This is an extract from the book written by Dr. Elisa Shipon-Bloom from the Selective Mutism SMART Center.
When interacting with a child with Selective Mutism, DO:
- Allow for warm-up time.
- Monitor the child’s body language.
- Talk “around” the child at first with focus on parents or siblings.
- Get down on the child’s level and focus on a prop.
- Ask choice and direct questions to the child with focus on the prop.
- Allow for hesitation.
- Re-ask questions if needed.
- Accept nonverbal communication (e.g., pointing, nodding, gesturing) without an expectation for speech.
- Accept the child’s level of communication as the first step to securing comfort.
- Understand that strategies can be used to help the child progress into speech, and that developing the child’s comfort, engagement, and nonverbal communication is a vital step in the process.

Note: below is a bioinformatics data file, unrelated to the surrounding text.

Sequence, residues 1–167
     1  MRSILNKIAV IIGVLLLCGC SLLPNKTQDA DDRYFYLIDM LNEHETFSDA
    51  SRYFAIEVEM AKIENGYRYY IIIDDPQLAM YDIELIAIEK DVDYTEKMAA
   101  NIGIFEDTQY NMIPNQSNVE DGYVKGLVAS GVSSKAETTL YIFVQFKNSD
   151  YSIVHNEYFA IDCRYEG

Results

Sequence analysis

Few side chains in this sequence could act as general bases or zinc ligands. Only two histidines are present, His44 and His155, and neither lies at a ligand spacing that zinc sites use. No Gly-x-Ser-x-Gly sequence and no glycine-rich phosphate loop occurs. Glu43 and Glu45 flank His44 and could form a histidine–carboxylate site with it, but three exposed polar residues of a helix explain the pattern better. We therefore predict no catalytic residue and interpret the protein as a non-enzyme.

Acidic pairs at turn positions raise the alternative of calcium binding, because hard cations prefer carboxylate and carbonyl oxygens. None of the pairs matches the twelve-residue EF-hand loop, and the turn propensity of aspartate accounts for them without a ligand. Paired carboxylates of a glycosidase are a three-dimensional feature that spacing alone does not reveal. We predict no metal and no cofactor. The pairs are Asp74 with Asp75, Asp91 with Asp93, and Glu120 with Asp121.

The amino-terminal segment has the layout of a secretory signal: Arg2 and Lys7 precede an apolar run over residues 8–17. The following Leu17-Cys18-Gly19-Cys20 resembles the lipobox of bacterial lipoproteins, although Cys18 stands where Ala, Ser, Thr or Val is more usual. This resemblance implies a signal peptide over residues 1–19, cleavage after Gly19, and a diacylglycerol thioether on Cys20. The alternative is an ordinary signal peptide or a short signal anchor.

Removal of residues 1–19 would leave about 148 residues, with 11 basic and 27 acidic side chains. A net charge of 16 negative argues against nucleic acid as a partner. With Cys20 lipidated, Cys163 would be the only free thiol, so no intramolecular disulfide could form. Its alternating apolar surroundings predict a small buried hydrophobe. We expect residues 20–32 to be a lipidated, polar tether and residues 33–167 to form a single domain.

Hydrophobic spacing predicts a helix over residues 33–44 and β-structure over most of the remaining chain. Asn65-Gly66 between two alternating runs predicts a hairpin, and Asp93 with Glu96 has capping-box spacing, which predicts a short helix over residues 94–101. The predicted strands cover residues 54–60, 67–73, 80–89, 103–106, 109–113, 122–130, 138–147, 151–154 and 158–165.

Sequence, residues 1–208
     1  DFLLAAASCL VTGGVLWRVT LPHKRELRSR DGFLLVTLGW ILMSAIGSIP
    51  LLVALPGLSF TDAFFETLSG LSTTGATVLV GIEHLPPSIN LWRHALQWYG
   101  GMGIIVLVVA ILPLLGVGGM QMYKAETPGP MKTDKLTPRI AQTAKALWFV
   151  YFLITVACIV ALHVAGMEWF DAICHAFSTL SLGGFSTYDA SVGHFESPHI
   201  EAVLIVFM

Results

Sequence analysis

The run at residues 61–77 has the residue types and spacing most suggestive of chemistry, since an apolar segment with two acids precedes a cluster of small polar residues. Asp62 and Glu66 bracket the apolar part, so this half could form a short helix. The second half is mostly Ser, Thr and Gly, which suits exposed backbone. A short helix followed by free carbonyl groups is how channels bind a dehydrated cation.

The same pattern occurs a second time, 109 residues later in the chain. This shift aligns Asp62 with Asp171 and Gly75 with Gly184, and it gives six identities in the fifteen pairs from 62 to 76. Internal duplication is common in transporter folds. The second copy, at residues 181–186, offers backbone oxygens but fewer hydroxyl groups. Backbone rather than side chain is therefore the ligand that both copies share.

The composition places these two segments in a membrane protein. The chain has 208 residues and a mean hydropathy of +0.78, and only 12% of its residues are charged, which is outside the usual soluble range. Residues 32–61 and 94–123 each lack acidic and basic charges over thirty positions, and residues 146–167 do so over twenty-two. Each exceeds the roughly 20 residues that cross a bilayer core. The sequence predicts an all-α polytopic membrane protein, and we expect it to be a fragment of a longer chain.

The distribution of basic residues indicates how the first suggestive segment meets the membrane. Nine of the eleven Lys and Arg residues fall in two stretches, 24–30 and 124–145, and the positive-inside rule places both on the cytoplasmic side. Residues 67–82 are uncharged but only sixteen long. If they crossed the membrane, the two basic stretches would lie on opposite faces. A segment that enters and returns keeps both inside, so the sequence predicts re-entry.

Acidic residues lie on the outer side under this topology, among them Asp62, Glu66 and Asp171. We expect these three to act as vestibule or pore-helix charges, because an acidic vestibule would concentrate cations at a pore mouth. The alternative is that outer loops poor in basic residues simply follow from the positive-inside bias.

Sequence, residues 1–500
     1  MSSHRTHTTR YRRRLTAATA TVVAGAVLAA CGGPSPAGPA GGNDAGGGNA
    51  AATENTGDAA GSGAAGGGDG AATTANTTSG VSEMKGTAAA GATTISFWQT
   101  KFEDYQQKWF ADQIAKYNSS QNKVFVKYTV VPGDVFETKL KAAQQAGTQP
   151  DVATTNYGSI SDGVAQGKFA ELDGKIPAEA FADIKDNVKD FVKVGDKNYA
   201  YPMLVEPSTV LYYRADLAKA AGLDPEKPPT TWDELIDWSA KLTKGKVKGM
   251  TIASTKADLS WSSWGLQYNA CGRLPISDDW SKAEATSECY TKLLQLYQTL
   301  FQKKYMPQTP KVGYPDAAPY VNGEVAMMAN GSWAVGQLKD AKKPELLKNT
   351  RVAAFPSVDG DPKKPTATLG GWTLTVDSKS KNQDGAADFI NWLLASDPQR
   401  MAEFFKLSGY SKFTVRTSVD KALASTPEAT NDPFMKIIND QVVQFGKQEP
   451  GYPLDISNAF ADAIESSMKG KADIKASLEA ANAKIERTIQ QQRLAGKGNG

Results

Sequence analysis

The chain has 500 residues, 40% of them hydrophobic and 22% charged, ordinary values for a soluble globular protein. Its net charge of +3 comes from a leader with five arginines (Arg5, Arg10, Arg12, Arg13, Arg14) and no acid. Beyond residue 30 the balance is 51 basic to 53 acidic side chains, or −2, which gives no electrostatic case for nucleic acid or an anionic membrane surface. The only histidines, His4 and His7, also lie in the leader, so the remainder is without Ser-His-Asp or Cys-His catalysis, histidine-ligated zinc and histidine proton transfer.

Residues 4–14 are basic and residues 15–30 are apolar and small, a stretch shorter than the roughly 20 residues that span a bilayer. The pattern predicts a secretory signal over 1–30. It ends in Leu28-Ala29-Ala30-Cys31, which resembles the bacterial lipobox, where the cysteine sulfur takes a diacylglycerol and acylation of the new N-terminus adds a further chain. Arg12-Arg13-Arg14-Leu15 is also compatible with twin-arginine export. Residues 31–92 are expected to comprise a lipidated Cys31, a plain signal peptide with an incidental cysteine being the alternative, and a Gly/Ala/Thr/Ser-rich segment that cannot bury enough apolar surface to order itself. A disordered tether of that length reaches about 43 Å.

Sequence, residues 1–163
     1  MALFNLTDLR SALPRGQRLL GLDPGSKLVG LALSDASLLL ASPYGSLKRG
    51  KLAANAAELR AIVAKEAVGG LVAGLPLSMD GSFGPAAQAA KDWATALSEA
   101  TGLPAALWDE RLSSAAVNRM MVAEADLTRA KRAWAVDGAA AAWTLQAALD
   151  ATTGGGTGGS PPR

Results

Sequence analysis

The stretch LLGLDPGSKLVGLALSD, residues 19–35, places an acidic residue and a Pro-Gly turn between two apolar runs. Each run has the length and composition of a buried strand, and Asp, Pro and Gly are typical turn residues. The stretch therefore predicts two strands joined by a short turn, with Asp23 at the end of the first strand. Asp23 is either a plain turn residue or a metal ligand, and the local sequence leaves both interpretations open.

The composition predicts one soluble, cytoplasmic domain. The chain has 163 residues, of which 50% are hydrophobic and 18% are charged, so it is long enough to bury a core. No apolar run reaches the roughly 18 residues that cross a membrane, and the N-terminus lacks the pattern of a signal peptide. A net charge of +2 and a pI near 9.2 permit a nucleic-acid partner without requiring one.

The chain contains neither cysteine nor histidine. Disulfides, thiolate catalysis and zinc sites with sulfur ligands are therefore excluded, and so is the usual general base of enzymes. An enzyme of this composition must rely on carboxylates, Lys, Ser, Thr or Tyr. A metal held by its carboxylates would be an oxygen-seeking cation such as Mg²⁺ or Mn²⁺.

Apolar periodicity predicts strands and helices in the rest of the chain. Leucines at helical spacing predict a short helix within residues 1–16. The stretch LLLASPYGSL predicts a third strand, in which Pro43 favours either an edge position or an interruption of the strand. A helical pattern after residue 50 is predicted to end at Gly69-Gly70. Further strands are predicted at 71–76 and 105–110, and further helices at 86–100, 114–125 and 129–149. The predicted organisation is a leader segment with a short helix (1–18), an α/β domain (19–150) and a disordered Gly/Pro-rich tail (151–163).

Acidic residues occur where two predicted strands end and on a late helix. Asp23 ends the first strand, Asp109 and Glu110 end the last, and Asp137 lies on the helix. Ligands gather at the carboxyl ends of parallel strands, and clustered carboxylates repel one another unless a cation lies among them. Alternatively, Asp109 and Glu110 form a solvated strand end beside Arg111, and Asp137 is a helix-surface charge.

with Selective Mutism, DO NOT:
- Try to be “the one who gets this child to speak.” These efforts did not work in the past, are not working now, and will never work in the future!
- Disregard warm-up time.
- Approach the child without preparation.
- Look directly at the child without focusing on a prop.
- Ask open-ended questions, which require the child to think in order to formulate an answer.
- Ask, bribe, or beg the child to talk to you.h
- Appear upset if the child does not respond to you.
Suggested Games and Activities to Complete with Relatives & Friends!
- Show off school work, drawings, photo albums, etc. where the relative can ask direct/choice questions regarding the ‘prop’ shown
- Play board games
- Card games (Go Fish, War)
- Complete back/forth interview games
- Jokes & Riddles
- Treasure Hunts
- Eye Spy
- Art Projects
- Helping around the house
During these games and activities, relatives, friends, or school staff should ask the child questions.